No industry is exempt from cyber-crime, and the real estate industry has become a common target. As hackers devise plans to obtain sensitive information about real estate transactions, real estate professionals need to take interest in cybersecurity to protect their clients and themselves from wire fraud.

For example, a potential indicator of wire fraud is an email that makes any reference to a Society for Worldwide Interbank Financial Telecommunication (SWIFT) wire transfer, which poses as an overseas destination for funds.

However, since the emails tend to include detailed information pertaining to the transaction—due to the perpetrator having access to the agent’s email account—many people make the mistake of assuming the email is from a legitimate source. The email addresses often appear to be legitimate, but they definitely aren’t.

To prevent cyber-crime from occurring, every party involved in a real estate transaction needs to implement and follow a series of security measures. Here’s what you should and shouldn’t to protect your real estate business:


  • Inform clients about your email and communication practices and explain that you will never expect them to send sensitive information via email.
  • Contact the recipient you’re wiring funds to using a verified phone number to confirm that the wiring information is accurate. The phone number should be obtained from a reliable source—email is not one of them.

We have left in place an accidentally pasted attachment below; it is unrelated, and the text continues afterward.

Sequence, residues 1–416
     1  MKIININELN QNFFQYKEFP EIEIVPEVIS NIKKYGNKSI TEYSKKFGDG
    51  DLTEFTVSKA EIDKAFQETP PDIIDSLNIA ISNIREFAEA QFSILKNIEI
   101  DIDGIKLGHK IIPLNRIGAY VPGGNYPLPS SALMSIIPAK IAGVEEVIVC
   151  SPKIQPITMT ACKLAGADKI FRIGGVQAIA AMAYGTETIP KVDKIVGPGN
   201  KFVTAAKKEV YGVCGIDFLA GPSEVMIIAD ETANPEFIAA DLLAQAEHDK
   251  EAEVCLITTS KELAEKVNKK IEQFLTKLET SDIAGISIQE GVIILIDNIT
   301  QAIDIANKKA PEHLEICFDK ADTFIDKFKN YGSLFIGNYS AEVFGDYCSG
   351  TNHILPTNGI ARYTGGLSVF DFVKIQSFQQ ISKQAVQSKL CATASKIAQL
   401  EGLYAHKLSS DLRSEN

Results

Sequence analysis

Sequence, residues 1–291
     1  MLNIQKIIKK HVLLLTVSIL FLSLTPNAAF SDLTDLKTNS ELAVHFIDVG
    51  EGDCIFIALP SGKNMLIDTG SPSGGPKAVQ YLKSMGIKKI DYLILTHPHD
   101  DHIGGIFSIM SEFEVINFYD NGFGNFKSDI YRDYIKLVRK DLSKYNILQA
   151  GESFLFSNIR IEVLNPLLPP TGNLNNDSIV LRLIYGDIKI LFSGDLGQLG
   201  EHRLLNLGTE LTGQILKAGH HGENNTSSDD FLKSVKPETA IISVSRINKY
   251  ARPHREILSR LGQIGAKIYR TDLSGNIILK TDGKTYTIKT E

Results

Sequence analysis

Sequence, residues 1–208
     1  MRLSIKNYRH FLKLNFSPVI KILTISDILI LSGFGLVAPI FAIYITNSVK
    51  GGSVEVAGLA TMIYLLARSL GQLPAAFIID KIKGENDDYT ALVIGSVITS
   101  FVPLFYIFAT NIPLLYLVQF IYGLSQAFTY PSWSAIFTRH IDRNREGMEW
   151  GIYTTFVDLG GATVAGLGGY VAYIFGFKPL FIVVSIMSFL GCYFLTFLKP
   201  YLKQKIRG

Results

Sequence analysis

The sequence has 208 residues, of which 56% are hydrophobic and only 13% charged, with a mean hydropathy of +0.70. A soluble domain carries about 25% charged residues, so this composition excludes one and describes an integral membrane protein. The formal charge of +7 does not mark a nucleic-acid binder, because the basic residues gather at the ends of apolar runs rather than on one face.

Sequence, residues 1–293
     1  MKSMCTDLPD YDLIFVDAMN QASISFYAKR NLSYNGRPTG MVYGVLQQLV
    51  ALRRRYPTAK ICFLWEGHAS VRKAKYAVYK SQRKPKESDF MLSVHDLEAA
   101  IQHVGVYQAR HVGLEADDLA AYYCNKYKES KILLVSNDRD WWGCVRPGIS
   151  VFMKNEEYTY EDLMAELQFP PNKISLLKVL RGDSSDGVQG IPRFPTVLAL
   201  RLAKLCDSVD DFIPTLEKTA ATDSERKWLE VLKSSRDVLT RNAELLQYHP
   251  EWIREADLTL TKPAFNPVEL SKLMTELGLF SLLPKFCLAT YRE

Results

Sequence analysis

• Ensure emails are encrypted if that’s the only method available for sending information about a transaction.
  • Delete old emails regularly, as they may reveal information that hackers can use.
  • Change usernames and passwords on a regular basis and make sure that they’re difficult to guess.
  • Make sure anti-virus technology is up to date and that firewalls are installed and working.


  • Open suspicious emails. If the email has already been opened, never click on any links in the email, open any attachments, or reply to the email.
  • Send wire transfer information, or any type of sensitive information, via email. This includes all types of financial information, not just wire instructions.

For more information on avoiding real estate fraud and other types of cyber-crime, contact an MMA advisor.

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